## optimal mixture weights in multiple importance sampling

**M**ultiple importance sampling is back!!! I am always interested in this improvement upon regular importance sampling, even or especially after publishing a recent paper about our AMIS (for adaptive multiple importance sampling) algorithm, so I was quite eager to see what was in Hera He’s and Art Owen’s newly arXived paper. The paper is definitely exciting and set me on a new set of importance sampling improvements and experiments…

Some of the most interesting developments in the paper are that, (i) when using a collection of importance functions q_{i} with the same target p, every ratio q_{i}/p is a *control variate* function with expectation 1 [assuming each of the q_{i}‘s has a support smaller than the support of p]; (ii) the weights of a mixture of the q_{i}‘s can be chosen in an optimal way towards minimising the variance for a certain integrand; (iii) multiple importance sampling incorporates quite naturally stratified sampling, i.e. the q_{i}‘s may have disjoint supports; )iv) control variates contribute little, esp. when compared with the optimisation over the weights [which does not surprise me that much, given that the control variates have little correlation with the integrands]; (v) Veach’s (1997) seminal PhD thesis remains a driving force behind those results [and in getting Eric Veach an Academy Oscar in 2014!].

One extension that I would find of the uttermost interest deals with unscaled densities, both for p and the q_{i}‘s. In that case, the weights do not even sum up to a know value and I wonder at how much more difficult it is to analyse this realistic case. And unscaled densities led me to imagine using geometric mixtures instead. Or even harmonic mixtures! (Maybe not.)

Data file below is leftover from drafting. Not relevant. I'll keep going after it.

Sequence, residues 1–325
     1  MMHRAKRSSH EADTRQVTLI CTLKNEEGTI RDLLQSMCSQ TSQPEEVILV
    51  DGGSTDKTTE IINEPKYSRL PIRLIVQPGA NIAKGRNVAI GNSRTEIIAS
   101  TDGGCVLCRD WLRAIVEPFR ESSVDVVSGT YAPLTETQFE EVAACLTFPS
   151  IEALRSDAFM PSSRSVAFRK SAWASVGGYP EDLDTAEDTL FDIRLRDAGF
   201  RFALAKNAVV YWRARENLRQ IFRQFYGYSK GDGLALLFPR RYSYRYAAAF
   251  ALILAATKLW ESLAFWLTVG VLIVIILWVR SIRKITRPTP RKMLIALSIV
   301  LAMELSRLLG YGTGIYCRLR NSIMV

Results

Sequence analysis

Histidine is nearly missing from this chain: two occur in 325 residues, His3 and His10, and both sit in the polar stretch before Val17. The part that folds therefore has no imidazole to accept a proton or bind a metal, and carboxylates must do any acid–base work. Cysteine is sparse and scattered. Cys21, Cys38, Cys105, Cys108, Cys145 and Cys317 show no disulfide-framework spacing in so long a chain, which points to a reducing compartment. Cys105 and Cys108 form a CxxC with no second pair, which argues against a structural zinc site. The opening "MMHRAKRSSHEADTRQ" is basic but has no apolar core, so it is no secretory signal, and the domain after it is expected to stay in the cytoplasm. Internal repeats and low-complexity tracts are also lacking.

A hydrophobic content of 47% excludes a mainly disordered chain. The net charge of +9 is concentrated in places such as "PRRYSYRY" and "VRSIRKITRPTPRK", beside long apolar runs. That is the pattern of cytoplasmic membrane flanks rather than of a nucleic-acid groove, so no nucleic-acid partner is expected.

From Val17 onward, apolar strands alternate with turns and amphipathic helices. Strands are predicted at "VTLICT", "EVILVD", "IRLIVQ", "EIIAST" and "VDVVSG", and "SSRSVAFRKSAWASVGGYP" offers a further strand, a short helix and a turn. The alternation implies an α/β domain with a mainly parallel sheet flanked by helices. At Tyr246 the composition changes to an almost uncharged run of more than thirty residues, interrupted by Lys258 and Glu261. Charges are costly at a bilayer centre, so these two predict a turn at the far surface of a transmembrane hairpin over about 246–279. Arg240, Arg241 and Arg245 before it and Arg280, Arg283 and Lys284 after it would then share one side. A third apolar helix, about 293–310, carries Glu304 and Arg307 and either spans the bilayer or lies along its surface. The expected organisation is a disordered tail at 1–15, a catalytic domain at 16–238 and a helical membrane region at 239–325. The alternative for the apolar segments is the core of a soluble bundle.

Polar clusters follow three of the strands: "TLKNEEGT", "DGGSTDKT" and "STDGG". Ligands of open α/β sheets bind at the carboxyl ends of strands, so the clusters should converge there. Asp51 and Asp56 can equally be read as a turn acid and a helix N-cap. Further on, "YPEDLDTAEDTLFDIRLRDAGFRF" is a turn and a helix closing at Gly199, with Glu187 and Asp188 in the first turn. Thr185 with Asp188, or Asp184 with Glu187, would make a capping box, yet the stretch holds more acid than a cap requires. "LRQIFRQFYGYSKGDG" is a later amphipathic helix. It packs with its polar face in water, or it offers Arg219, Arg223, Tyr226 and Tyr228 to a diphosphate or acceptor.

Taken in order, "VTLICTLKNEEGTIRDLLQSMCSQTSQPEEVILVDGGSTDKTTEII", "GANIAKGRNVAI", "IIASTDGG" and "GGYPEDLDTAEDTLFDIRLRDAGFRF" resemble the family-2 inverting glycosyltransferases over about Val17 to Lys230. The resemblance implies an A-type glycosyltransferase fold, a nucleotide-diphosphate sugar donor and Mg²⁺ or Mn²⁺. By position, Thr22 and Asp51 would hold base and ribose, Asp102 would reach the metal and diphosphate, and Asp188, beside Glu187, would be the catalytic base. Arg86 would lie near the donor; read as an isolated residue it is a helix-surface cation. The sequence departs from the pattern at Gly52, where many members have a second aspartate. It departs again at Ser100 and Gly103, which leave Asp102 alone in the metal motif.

Another one is more in tune with our adaptive multiple mixture paper. The paper works with *regret*, but one could also work with *remorse*! Besides the pun, this means that one could adapt the weights along iterations and even possible design new importance functions from the past outcome, i.e., be adaptive once again. He and Owen suggest mixing their approach with our adaptive sequential Monte Carlo model.

December 12, 2014 at 7:23 pm

Hi Christian,

Thanks for the mention. Nicolas Chopin earlier asked me about the asymptotic variance for the unnormalized case; from a brief look, I suspected that the mixture problem is convex. I probably was thinking of unnormalized p and normalized q’s because we have so much more control over q than p.

Geometric mixtures are intriguing if we can figure out a good way to sample from them. Harmonic ones put me in mind of Radford Neal’s comment on harmonic means for marginal likelihoods, but maybe this case would work out differently.

My earlier paper with Zhou had an example where the control variates helped a lot more than the ones in this paper do.

Darren: we did not mean to leave anything out. Please send a note to my Stanford email address describing the recent advances that you find most interesting.

-Art

December 12, 2014 at 2:27 am

It is good to see that Art is continuing to work in this area! and as many know on QMC methods also. Great that Cappé et al (2008) gets a mention too :-) but it is a little disappointing that they don’t talk about recent advances in the literature that much … (i.e time seems to have stopped in 2004!). I am just being nitpicky though.